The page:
Thermal Relief Design Guide for Your PCB

Zachariah Peterson
|  Created: March 22, 2021
Thermal Relief Design Guide for Your PCB

From relative permittivity to thermal expansion, there are plenty of thermal properties to consider during the design phase. Placing a thermal relief on pads can aid assembly, but this should be considered alongside other methods for managing heat transport in your board. With the right PCB design tools, you can design thermal relief pads for important components and incorporate other important heat management features in your board. Altium gives you these important design tools and much more in a single program.


A unified PCB design platform that integrates advanced PCB layout features with comprehensive via and pad design features.

Although FR4 is a popular substrate due to its low cost and versatility, it creates problems for thermal management due to its low thermal conductivity. As copper has high thermal conductivity, it can be difficult to heat pads to the right temperature for applying solder, both in some manual processes and in wave solder processes, especially when pads are connected to an internal plane with a via. Managing heat distribution and ease of assembly in your board requires properly designing thermal relief pads in your PCB as well as using other methods to manage heat.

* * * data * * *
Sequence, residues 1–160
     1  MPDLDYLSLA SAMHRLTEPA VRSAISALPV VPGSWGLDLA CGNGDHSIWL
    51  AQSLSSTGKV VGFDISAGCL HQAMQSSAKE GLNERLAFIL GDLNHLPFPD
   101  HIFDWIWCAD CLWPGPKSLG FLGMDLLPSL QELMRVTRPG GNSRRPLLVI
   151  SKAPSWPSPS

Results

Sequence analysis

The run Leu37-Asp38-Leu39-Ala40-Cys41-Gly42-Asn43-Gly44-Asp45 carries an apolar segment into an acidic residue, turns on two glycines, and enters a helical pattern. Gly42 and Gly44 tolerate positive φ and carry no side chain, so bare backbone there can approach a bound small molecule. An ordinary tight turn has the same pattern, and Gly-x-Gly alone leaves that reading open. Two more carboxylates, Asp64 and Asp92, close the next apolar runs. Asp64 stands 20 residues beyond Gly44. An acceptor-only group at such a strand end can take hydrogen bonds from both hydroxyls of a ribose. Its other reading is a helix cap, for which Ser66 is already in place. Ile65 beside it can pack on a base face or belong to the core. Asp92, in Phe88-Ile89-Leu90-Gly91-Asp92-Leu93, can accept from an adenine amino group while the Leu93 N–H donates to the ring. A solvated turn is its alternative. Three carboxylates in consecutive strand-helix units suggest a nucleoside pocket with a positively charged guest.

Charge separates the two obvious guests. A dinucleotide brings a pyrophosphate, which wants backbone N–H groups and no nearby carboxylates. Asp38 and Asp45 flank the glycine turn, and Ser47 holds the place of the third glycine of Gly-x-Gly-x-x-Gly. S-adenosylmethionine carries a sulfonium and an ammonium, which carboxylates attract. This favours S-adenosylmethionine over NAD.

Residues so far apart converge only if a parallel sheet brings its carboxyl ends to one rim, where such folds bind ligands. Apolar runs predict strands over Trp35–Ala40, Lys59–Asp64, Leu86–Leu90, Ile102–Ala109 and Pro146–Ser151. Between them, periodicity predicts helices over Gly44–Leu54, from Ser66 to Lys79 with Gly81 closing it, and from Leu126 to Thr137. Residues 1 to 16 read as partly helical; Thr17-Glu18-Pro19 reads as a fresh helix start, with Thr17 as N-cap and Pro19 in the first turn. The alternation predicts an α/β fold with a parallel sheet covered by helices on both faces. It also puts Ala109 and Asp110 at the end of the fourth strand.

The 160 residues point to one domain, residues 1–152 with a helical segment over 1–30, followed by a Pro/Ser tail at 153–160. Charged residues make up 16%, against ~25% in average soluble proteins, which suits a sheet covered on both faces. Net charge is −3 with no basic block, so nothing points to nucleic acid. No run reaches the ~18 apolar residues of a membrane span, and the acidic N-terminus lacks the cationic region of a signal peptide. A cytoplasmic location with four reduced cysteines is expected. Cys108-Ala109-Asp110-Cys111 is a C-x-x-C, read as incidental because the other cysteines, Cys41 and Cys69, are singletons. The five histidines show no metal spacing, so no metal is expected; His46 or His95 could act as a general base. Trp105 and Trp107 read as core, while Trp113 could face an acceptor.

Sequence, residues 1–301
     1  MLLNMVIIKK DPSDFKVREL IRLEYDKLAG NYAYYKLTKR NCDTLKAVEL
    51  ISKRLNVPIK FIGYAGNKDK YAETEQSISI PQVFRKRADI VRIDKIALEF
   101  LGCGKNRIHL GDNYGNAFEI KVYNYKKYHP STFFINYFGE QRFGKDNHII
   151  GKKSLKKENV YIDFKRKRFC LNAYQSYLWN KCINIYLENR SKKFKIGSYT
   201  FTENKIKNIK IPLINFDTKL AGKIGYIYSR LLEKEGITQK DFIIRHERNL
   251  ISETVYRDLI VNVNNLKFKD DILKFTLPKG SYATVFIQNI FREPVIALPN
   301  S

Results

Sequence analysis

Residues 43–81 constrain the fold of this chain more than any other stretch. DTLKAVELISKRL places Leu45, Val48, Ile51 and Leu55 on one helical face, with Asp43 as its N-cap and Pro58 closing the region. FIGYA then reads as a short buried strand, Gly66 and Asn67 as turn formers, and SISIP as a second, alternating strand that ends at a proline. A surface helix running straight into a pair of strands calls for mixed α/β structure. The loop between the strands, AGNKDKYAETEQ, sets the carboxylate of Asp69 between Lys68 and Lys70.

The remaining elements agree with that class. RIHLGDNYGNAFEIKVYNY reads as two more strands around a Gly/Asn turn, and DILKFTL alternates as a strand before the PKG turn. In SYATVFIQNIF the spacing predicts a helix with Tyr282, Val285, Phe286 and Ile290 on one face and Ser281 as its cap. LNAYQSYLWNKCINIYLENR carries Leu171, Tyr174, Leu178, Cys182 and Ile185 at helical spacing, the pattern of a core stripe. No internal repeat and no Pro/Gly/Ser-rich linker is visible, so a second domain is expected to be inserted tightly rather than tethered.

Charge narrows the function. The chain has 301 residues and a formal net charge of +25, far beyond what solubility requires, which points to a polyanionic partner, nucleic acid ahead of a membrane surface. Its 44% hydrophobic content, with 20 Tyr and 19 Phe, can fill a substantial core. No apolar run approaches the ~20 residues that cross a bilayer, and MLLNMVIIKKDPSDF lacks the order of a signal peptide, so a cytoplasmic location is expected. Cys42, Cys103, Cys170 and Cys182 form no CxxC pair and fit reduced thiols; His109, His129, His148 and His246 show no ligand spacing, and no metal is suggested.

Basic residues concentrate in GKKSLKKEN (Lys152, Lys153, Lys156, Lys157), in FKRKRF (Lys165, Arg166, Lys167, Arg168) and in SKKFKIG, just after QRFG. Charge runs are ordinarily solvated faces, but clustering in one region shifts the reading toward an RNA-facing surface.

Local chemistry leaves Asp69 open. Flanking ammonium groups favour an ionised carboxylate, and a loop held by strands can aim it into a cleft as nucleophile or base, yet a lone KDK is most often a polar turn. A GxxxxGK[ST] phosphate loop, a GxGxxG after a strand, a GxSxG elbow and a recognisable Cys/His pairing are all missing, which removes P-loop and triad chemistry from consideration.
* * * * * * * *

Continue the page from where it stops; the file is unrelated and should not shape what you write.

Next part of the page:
If you’re building a multilayer PCB, then you’ll need to include copper vias to route between the inner layers of your board, and you’ll likely place surface-mount components on copper pads on the surface layer. While every pad and thermal relief device is important for an electrical and assembly standpoint, they can also play a role in heat regulation in your board. With the right PCB design and layout tools, you can easily design thermal vias and thermal relief devices in your board.

What is Thermal Relief Design?

A thermal relief pad provides a way to keep heat confined to a pad for mounting a component to a printed circuit board with solder. The pad for a component normally peaks through the solder mask, allowing solder to be placed on the pad during assembly. Some copper is removed from the edge of a thermal relief pad, allowing heat to be confined in the pad when applying solder during assembly.

Thanks to the low thermal conductivity of FR4, heat is easily confined to a thermal relief pad when applying solder. This ensures a strong connection can be formed on a component during manual assembly. This is also important in wave soldering, as a pad without a thermal relief can quickly remove heat from the surface when connected to an internal plane with a via. Choosing where to place a thermal relief on a pad while also including other thermal management methods can ensure that heat is properly managed in the board during operation while ensuring the board can be easily assembled.